On retreat we talk about ‘boundaries.’ Setting boundaries means establishing restrictions for ourselves that will help our meditation be more successful. For example, we may set a verbal boundary of silence for part of the day, or a physical boundary of not using our phone or the internet. We also need to establish our own mental boundaries. We need to make a firm decision not to let our retreat be de-railed by delusions. For example, we can set ourselves the goal ‘I will not think about work’ or ‘during this meditation I will not allow myself to speculate about what’s for lunch!’ Having these boundaries are what lets our concentration develop. We may moan about noises that interfere with our meditation (those blooming sheep!), but let’s face it, most of the noise is in our own head. Even in a perfectly quiet environment, we will still have to deal with that mental noise. Our boundaries are like building walls around that still, quiet place inside our hearts.

This understanding of retreat is also quite encouraging if you can’t find the time to go away someplace and do lots of meditation: retreat is mainly about your mental attitude. Even if there is no opportunity for you to establish physical or verbal retreat boundaries right now, you can still have mental boundaries – walls in our mind to keep out distractions – and these will make your daily life a kind of retreat.

Retreats at Nagarjuna Centre: January Retreats | Relaxation Weekends | Heart Jewel Retreat

Who is Dorje Shugden?

We have an empowerment here in a couple of weeks, which is an opportunity to be introduced to the Buddha called Dorje Shugden.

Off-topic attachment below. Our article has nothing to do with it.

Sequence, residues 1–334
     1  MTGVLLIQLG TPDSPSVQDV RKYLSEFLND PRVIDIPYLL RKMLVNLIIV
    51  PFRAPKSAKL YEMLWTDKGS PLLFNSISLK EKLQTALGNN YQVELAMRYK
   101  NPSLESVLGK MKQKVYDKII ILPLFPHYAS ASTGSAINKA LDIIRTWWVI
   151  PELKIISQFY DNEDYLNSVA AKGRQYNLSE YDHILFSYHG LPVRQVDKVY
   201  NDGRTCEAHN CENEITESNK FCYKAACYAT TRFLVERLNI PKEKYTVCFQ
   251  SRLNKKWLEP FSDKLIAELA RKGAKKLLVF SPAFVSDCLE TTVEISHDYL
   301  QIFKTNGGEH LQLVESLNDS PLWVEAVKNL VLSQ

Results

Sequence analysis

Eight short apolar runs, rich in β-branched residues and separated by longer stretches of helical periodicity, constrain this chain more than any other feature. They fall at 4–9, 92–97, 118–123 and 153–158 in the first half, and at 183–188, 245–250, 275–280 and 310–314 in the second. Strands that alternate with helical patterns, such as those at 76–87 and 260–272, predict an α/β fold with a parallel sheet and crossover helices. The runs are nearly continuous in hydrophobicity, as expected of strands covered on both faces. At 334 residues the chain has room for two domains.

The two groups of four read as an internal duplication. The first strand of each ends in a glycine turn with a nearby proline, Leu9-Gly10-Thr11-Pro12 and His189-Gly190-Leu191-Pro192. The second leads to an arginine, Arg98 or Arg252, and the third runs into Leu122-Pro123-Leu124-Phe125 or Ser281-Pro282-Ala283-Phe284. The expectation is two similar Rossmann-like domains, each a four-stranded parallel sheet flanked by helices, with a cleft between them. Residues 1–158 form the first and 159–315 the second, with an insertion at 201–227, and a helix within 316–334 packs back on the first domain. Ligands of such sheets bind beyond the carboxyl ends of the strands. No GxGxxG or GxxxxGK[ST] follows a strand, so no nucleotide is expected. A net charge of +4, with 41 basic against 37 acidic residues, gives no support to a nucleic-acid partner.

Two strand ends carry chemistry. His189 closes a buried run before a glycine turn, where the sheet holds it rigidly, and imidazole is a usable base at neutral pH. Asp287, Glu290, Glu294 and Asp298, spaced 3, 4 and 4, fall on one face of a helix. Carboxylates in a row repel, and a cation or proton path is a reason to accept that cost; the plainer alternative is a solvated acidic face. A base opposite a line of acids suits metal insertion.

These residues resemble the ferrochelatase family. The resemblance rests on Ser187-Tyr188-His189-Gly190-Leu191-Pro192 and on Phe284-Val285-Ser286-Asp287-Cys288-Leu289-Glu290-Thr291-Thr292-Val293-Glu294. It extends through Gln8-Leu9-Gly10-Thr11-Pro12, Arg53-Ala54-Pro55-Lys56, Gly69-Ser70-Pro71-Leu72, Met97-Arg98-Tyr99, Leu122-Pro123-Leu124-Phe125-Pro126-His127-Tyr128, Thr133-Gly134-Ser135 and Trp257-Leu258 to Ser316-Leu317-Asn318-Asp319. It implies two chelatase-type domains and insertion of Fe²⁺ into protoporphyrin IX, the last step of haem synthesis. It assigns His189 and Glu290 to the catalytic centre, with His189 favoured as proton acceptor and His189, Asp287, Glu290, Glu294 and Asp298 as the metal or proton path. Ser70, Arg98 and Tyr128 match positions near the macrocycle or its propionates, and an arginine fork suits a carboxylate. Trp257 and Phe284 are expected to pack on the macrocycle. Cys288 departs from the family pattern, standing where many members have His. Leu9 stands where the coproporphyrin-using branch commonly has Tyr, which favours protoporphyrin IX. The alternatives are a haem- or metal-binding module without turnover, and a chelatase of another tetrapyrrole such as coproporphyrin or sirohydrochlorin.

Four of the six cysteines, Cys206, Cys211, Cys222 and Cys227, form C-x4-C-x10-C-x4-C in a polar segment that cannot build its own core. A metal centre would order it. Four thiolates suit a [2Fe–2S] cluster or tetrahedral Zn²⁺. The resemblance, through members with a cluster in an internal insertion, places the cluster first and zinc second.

Sometimes people can be a bit put off by his rather ferocious appearance, but he’s a big teddy bear really. When he looks at us, he’s always smiling; but when he looks at our delusions, he pulls a fearsome face and chops them up with his wisdom sword. He’s the sort of guy you really want on your side; and he is always on our side, he’s a freedom fighter fighting to free all living beings from the inner enemy of delusions.

Because Dorje Shugden helps us to battle our delusions and keep hold of our positive minds, we call him our Dharma Protector: he protects the Dharma experience in our hearts. If we ask for his help in difficult situations, he will bless our minds so that wisdom thoughts arise instead of delusions. In Heart Jewel, Geshe-la says:

Dorje Shugdän will bless our minds to help us transform difficult situations into the spiritual path, and he will open the wisdom eyes of his faithful followers, enabling them always to make the right decisions. Although physically they may find themselves alone, inwardly those who put their trust in him will never be apart from a powerful ally and a wise and compassionate guide.

Whenever I am having problems, I like to visualize Dorje Shugden bounding up to me on his snow lion (which symbolizes fearlessness – I’ll have some of that, thanks!). I remember when I was having driving lessons I was initially really nervous, so I started imagining Dorje Shugden sitting in the back seat, giving me a wink every time I glanced in the rear-view mirror, and he definitely helped me to keep a peaceful mind.

So, this is an introduction to my best friend. I hope you’ll come and meet him; I think you’ll get along famously.

More: Dorje Shugden Empowerment 12 – 13 December 2015

Six impossible things

Inspired by our Mad Hatter’s Tea Party, I decided to believe six ‘impossible’ things. There are many things I believe in now that would have seemed impossible to me before I discovered Buddha’s teachings, and still more things that it would be helpful to stretch my imagination around. For example, do you really believe it’s possible to be happy all the time, regardless of external conditions? Many people would say that’s an impossibility, and because of mistakenly holding onto that view they limit their own potential for happiness.